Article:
the receiver and the satellite via a code that the receiver matches
with the satellite's
Radiometric
Resolution  Radiometric
resolution, or radiometric sensitivity refers to the number of digital
levels used to express the data collected by the sensor. In general,
the greater the number of levels, the greater the detail of information.
The number of levels is normally expressed as the number of binary
digits needed to store the value of the maximum level, for example
a radiometric resolution of 1 bit would be 2 levels, 2 bit would
be 4 levels and 8 bit would be 256 levels. The number of levels
is often referred to as the Digital Number, or DN value.
Raster Data
 An abstraction of the real world where spatial data is expressed
as a matrix of cells or pixels, with spatial position implicit in
the ordering of the pixels. With the raster data model, spatial
data is not continuous but divided into discrete units. This makes
raster data particularly suitable for certain types of spatial operations,
for example overlays or area calculations. Unlike vector data however,
there are no implicit topological relationships.
*Reference
Ellipsoid  A geometric model of the earth, required
for accurate range and bearing calculations over long distances.
Ellipsoidal models define an ellipsoid with an equatorial radius
and a polar radius. The best of these models can represent the shape
of the earth over the smoothed, averaged seasurface to within about
onehundred meters. A more complete
explanation is available in the Standards
Section.
Reflection
 Electromagnetic Radiation neither absorbed nor transmitted is
reflected. Reflection may be diffuse, when the incident radiation
is scattered upon being reflected from the surface, or specular
when all or most angles of reflection equal the angle of incidence
Refraction
 the bending of Electromagnetic radiation rays when they pass from
one medium to another having a different index of refraction or
dielectric coefficient.
Remote
Sensing  the measurement or acquisition of information of some
property of an object or phenomenon, by a recording device not in
physical or intimate contact with the object or phenomenon under
study
Resolution
 A measure of the ability to detect quantities. High resolution
implies a high degree of discrimination but has no implication as
to accuracy. Resolution is a term that is used often within remote
sensing.
Rover Unit
 also termed: field unit or data logger  The mechanism used
in the field that receives GPS satellite signals from outer space
Scale  The
ratio of the distance measured on a map to that measured on the
ground between the same two points. In Britain, most map scales
are now metric and are shown, for example, as 1:50,000, which represents
a scale of 1cm = 50,000 cm (or 500 metres). Often, the difference
between large and small map scales is confused. The larger the ratio,
the smaller the map scale. Therefore, a map of the world, would
have a very small scale, whereas a map of a town centre, will have
a large scale. A more complete
explanation is available in the Standards
Section.
Scanning
 A method of data capture whereby a hard copy image, map, or even
text is converted into digital raster form by using a specialized
high quality digital camera called a scanner.
Spatial Data
 Any information about the location and shape of, and relationships
among, geographic features. This includes remotely sensed data as
well as map data.
Spatial
Resolution  Spatial resolution refers to the area on the
ground that an imaging system, such as a satellite sensor, can distinguish.
There are many measures of spatial resolution, the most common include
the Instantaneous Field of View (IFOV), and the Effective Instantaneous
Field of View (EIFOV).
Spectral
Resolution  The term spectral resolution refers to the
width of spectral bands that a satellite imaging system can detect.
Often satellite imaging systems are multispectral meaning that
they can detect in several discrete bands, it is the width of these
bands that spectral resolution refers too. The narrower the bands,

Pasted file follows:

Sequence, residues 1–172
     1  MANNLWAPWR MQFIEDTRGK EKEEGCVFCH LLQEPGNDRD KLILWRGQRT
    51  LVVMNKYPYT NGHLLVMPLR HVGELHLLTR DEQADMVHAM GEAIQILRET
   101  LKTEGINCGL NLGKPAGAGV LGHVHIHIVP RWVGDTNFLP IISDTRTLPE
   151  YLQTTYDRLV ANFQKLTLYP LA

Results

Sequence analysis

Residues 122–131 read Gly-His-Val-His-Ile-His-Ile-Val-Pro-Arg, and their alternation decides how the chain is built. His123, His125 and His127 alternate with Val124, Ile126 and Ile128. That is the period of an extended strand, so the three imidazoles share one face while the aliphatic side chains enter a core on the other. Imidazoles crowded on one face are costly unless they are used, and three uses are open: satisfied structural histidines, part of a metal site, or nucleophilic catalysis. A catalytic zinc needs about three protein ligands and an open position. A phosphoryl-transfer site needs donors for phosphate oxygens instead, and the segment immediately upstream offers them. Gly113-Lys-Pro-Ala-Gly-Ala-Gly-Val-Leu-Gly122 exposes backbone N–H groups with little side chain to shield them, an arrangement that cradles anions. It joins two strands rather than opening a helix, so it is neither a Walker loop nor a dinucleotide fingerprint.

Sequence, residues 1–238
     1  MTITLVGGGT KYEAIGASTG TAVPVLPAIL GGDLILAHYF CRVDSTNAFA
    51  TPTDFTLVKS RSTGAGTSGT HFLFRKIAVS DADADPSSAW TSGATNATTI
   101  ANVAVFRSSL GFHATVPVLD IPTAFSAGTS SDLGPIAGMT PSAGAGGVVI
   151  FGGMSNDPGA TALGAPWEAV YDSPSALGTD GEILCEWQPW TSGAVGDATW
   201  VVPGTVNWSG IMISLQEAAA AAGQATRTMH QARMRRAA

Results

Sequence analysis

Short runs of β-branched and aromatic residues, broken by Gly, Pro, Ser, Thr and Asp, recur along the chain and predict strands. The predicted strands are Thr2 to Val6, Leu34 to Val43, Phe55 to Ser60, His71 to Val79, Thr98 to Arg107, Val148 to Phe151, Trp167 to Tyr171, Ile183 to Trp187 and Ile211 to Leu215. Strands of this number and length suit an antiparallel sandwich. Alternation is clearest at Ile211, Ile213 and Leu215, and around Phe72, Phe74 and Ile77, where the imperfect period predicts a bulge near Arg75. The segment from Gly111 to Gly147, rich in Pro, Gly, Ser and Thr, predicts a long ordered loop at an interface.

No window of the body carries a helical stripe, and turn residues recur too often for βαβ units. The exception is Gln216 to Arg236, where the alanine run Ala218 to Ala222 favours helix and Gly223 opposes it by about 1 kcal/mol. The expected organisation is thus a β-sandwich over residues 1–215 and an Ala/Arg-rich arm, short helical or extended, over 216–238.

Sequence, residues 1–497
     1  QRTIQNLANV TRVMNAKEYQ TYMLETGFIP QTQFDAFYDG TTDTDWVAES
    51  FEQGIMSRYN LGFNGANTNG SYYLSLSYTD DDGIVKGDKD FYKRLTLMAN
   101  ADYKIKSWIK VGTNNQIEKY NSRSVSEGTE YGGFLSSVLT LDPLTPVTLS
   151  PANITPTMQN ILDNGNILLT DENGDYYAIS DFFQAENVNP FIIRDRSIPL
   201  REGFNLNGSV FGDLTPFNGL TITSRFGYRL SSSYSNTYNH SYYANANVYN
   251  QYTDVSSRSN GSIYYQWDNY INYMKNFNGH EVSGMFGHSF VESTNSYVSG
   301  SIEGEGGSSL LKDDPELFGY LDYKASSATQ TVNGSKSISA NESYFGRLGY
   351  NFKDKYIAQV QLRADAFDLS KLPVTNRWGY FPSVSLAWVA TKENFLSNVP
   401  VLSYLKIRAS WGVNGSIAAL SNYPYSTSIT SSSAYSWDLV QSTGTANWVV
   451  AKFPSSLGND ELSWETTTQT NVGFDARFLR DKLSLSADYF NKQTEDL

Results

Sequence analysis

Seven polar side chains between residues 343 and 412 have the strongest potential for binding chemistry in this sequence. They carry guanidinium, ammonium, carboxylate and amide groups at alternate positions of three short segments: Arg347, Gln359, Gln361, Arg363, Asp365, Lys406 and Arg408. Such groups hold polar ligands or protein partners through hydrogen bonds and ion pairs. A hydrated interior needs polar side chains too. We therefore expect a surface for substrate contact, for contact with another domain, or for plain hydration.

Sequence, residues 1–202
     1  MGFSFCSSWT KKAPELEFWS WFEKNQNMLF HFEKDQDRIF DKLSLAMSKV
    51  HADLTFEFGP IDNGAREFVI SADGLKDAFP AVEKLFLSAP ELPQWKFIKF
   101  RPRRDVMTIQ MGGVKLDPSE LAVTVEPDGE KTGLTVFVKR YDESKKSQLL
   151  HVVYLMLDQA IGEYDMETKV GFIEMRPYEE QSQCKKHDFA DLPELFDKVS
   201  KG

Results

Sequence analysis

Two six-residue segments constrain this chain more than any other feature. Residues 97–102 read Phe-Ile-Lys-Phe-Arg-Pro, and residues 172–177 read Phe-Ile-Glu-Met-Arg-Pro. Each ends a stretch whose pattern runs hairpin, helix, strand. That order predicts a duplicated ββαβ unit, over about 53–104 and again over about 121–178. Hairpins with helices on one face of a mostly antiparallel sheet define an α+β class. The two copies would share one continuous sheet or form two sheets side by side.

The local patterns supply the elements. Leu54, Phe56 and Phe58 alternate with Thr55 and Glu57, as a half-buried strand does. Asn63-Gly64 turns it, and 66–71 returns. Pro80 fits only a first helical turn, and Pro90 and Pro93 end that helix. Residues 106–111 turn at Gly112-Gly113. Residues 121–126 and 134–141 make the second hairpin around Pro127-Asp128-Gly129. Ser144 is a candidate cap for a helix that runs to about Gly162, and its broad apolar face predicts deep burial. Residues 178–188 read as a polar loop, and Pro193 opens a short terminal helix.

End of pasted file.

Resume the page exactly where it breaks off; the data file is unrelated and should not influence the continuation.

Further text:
the greater the spectral resolution.
Spheroid 
A solid that resembles a sphere in geometry. One of the terms used
to describe the shape of the earth.
Stereoscope
 a binocular optical instrument for assisting the observer to view
two properly oriented photographs or diagrams to obtain the mental
impression of a threedimensional model
Stereoscopic
Vision  binocular vision which enables the observer to view
an object simultaneously from two different to obtain the mental
impression of a threedimensional model
Tabular
or Attribute Data  A trait, quality or property describing
a geographical feature. A fact describing an entity in a relational
data model, equivalent to the column in a relational table.
*Temporal
Resolution  The frequency of obtaining imagery of a particular
area that a sensor/platform system maintains.
Thematic Map
 A map depicting selected kinds of information relating to
one or more specific themes. Examples are soil type, land classification,
population density and rainfall maps.
Topographic
Map  A map whose principal purpose is to portray the features
of the earth's surface. These features might include the cultural
landscape, but normally refer to the terrain and its relief.
Topology 
The relative location of geographic phenomena independent of their
exact position. In digital data, topological relationships such
as connectivity, adjacency and relative position are usually expressed
as relationships between nodes, links and polygons. For example,
the topology of a line includes its from and tonodes, and its
left and right polygons. Topology is useful in GIS because
many spatial modelling operations don not require coordinates, only
topological information. For example, to find an optimal path between
two points requires a list of the lines or arcs that connect to
each other and the cost to traverse each line in each direction.
Coordinates are only needed for drawing the path after it is calculated.
Transmission
 the passage of electromagnetic energy through a material such
as air, glass, or water.
Triangulation
 refers to the calculation of receiver position by way of at least
four satellites
Vector Data
 An abstraction of the real world where positional data is
represented in the form of coordinates. In vector data, the basic
units of spatial information are points, lines and polygons. Each
of these units is composed simply as a series of one or more coordinate
points, for example, a line is a collection of related points, and
a polygon is a collection of related lines. Vector data may
or may not possess topological relationships.
Most
Definitions are From the AGI Online GIS Dictionary
*Definitions
From The Vitual Geography Department
Department of Geography, University of Colorado at Boulder